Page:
In England during the 19th century there was a consistant, albeit minor, demand for moonlight paintings. Painters such as John Atkinson Grimshaw (1836 - 1893) were masters of moonlight and the eerie lighting effects that it produced. It was in part an offshoot of the great Romantic tradition which resounded round Europe in both literature and painting. In order to produce such work the artist had to be technically efficient in both architectural illustration and in the depiction of muted colours.
By the end of the 19th century, artificial lighting at night makes an appearence with Van Gogh and Manet, then, during the first half of the 20th century, the moon is replaced with neon lighting by the American artist Edward Hopper - see his 1942 ‘Nighthawks’, and other bleak nightime cafe scenes. These are a far cry from the Romanticism of the century before. Photography is never far behind painting, and occasionally anticipates it. Louis Dazy's subject matter has rich antecedents in both painting and cinema, so it is always exciting to witness an original version on this theme.
By superimposing his photos he creates personalised images, conveys a mood or subject, often both. An interest in modern architecture and its geometric shapes is the setting for some eerie lighting effects especially when the lighting is a warm orange. Only this sunset looks more like the window of a furnace set against a factory wall. Louis uses a lot of orange with his architectural photographic ‘sculptures’, which convey sunsets rather than sunrises - the former having more ochre than the lighter lemon of sunrise.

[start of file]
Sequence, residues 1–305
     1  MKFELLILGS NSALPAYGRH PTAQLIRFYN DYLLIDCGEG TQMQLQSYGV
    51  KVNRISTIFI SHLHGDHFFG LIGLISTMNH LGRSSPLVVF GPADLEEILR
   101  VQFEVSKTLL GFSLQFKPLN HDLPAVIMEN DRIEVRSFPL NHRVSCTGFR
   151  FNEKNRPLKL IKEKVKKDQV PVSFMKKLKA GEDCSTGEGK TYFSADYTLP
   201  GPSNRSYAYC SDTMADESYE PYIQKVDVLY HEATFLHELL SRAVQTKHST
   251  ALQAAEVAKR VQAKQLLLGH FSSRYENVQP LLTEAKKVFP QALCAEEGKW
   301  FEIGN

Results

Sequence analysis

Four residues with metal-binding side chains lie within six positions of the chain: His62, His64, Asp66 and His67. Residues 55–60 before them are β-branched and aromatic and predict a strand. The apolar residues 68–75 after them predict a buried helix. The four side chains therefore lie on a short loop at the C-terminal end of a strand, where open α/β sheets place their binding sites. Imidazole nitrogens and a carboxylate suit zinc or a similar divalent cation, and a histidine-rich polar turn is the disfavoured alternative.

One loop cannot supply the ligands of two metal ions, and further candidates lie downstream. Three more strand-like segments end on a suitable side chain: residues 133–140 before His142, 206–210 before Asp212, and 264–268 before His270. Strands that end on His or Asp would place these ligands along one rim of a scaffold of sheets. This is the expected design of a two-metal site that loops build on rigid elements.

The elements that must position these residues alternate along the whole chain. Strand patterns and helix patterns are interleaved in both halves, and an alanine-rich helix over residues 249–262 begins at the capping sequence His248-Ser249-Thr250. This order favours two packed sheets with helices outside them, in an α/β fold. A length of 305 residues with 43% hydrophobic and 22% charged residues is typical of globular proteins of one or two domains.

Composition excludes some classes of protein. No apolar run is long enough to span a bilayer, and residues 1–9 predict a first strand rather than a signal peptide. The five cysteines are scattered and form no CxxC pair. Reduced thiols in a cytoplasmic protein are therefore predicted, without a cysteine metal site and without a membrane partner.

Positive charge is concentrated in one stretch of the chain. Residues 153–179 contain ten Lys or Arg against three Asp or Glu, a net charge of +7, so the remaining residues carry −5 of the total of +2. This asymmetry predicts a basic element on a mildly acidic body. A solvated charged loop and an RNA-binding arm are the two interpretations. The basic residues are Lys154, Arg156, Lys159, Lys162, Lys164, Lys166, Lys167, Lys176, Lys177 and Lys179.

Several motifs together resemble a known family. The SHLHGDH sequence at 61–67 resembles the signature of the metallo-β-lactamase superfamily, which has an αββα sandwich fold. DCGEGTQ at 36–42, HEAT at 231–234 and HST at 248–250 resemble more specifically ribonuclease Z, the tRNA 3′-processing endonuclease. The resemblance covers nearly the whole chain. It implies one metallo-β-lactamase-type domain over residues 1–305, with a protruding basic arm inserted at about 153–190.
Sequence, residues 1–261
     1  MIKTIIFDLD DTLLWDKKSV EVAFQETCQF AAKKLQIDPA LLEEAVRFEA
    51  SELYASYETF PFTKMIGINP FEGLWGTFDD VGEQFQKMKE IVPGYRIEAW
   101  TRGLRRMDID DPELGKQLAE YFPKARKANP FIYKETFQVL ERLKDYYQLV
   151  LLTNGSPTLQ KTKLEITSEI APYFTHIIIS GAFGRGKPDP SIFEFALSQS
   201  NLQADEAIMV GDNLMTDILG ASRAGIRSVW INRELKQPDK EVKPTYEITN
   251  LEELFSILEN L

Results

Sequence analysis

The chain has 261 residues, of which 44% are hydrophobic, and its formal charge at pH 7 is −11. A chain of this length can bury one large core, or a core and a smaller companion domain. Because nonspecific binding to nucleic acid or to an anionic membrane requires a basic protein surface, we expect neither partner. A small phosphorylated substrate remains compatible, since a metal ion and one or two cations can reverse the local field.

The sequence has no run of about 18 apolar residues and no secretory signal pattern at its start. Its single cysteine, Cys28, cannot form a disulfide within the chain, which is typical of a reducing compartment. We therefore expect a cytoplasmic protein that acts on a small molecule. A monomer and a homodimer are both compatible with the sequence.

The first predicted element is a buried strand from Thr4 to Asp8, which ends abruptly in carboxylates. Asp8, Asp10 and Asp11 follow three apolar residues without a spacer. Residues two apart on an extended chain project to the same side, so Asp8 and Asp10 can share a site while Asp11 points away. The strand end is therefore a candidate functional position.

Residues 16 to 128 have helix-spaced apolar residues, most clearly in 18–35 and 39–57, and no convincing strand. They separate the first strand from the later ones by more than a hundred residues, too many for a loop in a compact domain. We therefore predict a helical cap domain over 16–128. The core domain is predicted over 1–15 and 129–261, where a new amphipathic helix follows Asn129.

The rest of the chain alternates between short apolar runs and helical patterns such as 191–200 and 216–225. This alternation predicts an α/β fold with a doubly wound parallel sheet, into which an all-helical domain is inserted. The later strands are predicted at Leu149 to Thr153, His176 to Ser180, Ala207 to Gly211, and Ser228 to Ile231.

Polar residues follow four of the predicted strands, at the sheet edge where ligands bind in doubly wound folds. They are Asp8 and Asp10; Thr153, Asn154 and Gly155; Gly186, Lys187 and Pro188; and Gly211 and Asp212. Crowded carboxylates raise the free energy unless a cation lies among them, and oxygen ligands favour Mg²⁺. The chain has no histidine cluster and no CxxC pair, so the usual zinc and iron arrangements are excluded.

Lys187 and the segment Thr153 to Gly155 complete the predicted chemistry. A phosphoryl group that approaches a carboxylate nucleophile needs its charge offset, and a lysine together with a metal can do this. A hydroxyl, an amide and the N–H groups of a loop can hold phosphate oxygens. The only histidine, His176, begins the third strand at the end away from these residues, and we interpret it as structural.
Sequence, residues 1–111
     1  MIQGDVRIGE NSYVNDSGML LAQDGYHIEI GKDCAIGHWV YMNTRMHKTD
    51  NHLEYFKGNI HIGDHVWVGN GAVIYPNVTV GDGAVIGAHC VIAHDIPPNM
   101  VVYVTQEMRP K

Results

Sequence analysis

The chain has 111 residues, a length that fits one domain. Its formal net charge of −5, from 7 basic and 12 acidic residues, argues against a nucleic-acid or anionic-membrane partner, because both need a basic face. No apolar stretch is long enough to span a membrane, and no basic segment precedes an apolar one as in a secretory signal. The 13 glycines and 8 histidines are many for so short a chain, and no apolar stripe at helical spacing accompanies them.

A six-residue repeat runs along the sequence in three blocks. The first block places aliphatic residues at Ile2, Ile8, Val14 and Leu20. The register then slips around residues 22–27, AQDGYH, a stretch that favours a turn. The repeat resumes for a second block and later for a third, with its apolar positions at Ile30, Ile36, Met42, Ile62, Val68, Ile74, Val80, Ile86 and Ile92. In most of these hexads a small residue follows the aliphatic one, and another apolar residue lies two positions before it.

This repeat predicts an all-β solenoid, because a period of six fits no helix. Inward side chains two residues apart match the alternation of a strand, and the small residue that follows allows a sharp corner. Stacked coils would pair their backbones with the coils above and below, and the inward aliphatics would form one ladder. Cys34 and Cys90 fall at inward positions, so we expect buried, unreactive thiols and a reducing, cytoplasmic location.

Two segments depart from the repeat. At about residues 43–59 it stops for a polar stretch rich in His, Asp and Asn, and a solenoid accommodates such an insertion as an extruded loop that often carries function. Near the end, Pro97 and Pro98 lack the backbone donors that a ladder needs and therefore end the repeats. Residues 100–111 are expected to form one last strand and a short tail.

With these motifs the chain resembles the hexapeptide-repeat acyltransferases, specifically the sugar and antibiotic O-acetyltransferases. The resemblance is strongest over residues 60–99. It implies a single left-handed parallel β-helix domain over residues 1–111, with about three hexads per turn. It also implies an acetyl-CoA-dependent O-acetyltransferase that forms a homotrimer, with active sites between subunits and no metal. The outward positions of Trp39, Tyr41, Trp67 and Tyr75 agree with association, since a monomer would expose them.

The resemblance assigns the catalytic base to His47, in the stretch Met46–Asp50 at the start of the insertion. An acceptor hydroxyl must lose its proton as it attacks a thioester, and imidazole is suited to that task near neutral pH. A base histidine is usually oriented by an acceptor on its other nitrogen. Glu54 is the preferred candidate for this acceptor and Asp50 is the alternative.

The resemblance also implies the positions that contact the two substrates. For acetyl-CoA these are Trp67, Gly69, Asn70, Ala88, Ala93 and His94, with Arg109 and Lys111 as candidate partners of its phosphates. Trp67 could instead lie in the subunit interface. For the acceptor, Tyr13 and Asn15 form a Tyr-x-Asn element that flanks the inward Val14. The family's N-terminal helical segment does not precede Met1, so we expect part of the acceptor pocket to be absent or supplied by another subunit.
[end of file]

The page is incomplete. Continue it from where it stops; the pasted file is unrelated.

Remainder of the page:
Some of his pictures can be compared with stills from films such as Blade Runner, Tron, or 2001 : A Space Odessey. Louis is inclined to concentrate on two specific colours, mixing them much as a film will. Tron's spartan colouring on its monochrome film sets keep the colours simple, single or seperate. Louis' girl looking out of a window uses this technique where the overall colour is orange. However Louis gives his photograph depth by using a thin horizontal line of a pale blue reflection above the girl's hair, giving the photo a fully 3D effect. Tron on the other hand is a 2D universe.
In Blade Runner the colour mixtures are far subtler and fluid, especially in the close-up portrait shots such as that of Rutger Hauer. One in particular, in the latter part of the film (by which time the audience if fully aware that Rutger is a man-made replicant) portray him in a combination of metalic light blue mixed with red blood - machine and man. The man has become a 'bloodied' machine....that's what it is to be a slave. Louis frequently mixes two colours, often orange and blue, to humanize or distance, contrast or overlap, using a series of reflections to give depth or suggest sequence, such as the photo of a man in tonal blues with numerous blue reflected highlights, the word COFFEE in bright neon orange.